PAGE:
On top of everything, we get a barrage of mailers at the last minute. The rationale is to inundate so that the voter will disregard all the slicks. That way, if there is a last-minute charge or innuendo, no one will pick up on it and thus, in the end, vote the way they had planned to.
And, of course, there are those (particularly young people) who have become so jaded, so disillusioned with the process, that they don’t vote at all.
When I turned twenty-one (yes, years ago that was the age requirement), I couldn’t wait to vote in my first primary in June (and have not missed the opportunity to vote since). Older people today are the most consistent voters—we have not been soured overall on the process—though often we are greatly disappointed with results.
Young, potential voters often don’t even register (some, as a way to avoid jury duty). Even the many who can vote, often do not. From television, note pads, cell phones, etc., they are witness to the many accusations of scandalous behaviors—corruption; quid pro quo votes on issues in exchange for deep-money contributions for re-election (candidates are always running, always in campaign mode—particularly those holding two-year terms such as our Congressmembers and our State Assemblypersons). Twenty- and thirty-somethings see promises made and immediately broken after the vote is in. They refuse to repeat what led to their initial gullibility (think of W’s fool me once, shame on you? me? oh heck!).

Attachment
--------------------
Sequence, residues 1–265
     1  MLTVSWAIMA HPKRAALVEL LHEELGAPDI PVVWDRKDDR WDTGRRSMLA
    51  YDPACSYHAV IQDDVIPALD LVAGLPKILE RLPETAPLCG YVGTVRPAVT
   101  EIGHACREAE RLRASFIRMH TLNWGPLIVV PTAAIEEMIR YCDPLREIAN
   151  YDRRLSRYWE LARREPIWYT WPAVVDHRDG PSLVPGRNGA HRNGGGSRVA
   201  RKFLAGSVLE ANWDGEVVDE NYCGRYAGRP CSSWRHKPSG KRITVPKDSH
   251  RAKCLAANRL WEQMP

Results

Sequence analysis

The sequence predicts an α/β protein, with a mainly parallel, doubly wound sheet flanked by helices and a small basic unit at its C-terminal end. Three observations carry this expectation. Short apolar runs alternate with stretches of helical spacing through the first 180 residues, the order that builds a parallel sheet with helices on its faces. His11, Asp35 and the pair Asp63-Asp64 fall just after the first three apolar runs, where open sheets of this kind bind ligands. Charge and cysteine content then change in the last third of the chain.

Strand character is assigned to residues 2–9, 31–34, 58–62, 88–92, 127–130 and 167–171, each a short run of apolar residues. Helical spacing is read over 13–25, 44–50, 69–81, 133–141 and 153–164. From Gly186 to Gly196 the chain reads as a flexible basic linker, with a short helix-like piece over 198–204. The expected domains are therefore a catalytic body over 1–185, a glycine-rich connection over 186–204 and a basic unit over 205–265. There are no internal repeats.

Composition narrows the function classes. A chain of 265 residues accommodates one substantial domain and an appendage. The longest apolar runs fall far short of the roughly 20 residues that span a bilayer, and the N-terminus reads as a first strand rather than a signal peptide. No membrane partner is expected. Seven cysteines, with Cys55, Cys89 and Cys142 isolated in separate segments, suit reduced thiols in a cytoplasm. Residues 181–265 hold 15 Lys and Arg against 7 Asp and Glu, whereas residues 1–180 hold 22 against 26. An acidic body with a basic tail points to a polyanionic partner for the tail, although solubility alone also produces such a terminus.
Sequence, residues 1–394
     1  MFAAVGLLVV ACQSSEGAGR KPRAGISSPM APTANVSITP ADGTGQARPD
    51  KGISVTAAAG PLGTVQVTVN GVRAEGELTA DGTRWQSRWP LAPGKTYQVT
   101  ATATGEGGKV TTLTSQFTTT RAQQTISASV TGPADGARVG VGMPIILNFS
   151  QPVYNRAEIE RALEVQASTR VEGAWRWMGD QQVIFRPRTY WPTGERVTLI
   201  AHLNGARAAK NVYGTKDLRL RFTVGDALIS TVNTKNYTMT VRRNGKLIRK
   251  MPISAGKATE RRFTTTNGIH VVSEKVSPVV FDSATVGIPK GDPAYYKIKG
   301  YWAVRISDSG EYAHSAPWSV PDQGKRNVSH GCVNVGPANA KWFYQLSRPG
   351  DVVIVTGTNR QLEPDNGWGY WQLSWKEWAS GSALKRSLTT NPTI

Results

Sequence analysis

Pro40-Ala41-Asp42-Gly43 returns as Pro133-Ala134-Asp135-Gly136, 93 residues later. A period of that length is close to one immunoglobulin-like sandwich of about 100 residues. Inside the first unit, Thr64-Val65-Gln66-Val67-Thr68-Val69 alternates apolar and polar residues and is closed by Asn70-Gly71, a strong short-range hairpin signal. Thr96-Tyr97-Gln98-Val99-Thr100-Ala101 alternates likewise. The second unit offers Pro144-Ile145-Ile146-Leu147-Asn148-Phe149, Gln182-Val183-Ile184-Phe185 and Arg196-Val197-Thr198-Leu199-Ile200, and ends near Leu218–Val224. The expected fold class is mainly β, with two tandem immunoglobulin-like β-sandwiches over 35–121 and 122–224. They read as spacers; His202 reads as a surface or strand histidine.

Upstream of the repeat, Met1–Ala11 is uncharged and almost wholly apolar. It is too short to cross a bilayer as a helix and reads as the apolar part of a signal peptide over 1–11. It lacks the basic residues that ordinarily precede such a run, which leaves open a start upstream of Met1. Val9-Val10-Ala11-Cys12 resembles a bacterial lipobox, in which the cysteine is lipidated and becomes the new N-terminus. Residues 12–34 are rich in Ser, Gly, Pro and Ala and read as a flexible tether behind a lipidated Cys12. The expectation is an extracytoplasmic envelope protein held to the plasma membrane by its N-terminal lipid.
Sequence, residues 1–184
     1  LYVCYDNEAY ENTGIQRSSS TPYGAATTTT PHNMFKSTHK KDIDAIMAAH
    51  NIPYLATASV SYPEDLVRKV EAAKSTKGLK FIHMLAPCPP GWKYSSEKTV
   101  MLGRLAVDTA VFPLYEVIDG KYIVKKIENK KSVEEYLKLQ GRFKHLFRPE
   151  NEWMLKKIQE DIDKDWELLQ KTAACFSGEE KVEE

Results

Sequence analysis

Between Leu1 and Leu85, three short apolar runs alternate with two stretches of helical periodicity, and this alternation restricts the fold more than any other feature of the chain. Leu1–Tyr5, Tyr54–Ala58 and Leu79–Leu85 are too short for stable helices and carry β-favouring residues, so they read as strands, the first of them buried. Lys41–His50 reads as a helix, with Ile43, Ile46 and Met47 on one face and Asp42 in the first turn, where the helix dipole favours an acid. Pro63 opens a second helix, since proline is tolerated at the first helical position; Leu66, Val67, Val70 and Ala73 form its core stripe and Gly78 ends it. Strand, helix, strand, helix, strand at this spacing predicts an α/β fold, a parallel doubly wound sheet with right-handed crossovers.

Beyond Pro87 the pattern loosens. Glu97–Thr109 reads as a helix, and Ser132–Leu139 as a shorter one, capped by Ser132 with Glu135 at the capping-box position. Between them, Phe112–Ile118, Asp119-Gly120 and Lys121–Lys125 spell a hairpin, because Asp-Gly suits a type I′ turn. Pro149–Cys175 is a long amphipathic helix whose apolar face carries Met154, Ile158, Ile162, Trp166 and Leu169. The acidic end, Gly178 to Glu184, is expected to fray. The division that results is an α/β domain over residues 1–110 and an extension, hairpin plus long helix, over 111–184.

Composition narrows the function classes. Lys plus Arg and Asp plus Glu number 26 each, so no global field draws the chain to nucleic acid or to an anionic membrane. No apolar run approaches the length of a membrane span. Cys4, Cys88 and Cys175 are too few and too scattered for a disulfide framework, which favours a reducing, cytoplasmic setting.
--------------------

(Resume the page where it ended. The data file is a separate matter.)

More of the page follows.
I still strongly believe in the power of the franchise. I even kinda like the idea of the purple finger—an act of pride and honor for having voted—let the entire world see (and, why haven’t you voted yet?)
It is shameful that there is such a small turn-out (40%) during off-season elections (when there is no race for President). In many ways, these races have more immediate importance to us because most voting decisions during those election cycles affect us directly. Even every four years, our voter turn-out is painfully small—60% if we are lucky. What does this mean for the rest of us? For one thing, it is only those who actually vote (to whom we relinquish our power) who will decide the future for the rest of us—whether we like it or not!
I understand the voters’ chagrin over ever-increasing attacks and counter-attacks; of lies and distortions; of mud-slinging and deceitfulness; of downright heartlessness, spitefulness, and callousness; of in-your-face nastiness displaying biases and sometimes even racist thought.
Conversely, those political aspirants who want to engage in honest, straight-forward races face challenges that often seem insurmountable—and for many, those obstacles cannot be overcome. It seems that the electorate often prefers to believe in the lowest common denominator of candidates than to seek out the truth about them and ferret out the lies. Lies repeated over and over eventually become “truth”—and so go the voters.
What about when Senator McCain ran for President against George W. Bush who, fearing a consequential primary loss, asserted through his surrogates that McCain had parented a Black child out of wedlock? Not true, but that didn’t matter. He lost the South Carolina Primary (and ultimately the race for the Republican Presidential nomination) because people chose to believe the worst (in fact, he and his wife had adopted an orphaned child from Bangladesh—he had not been unfaithful, at least then).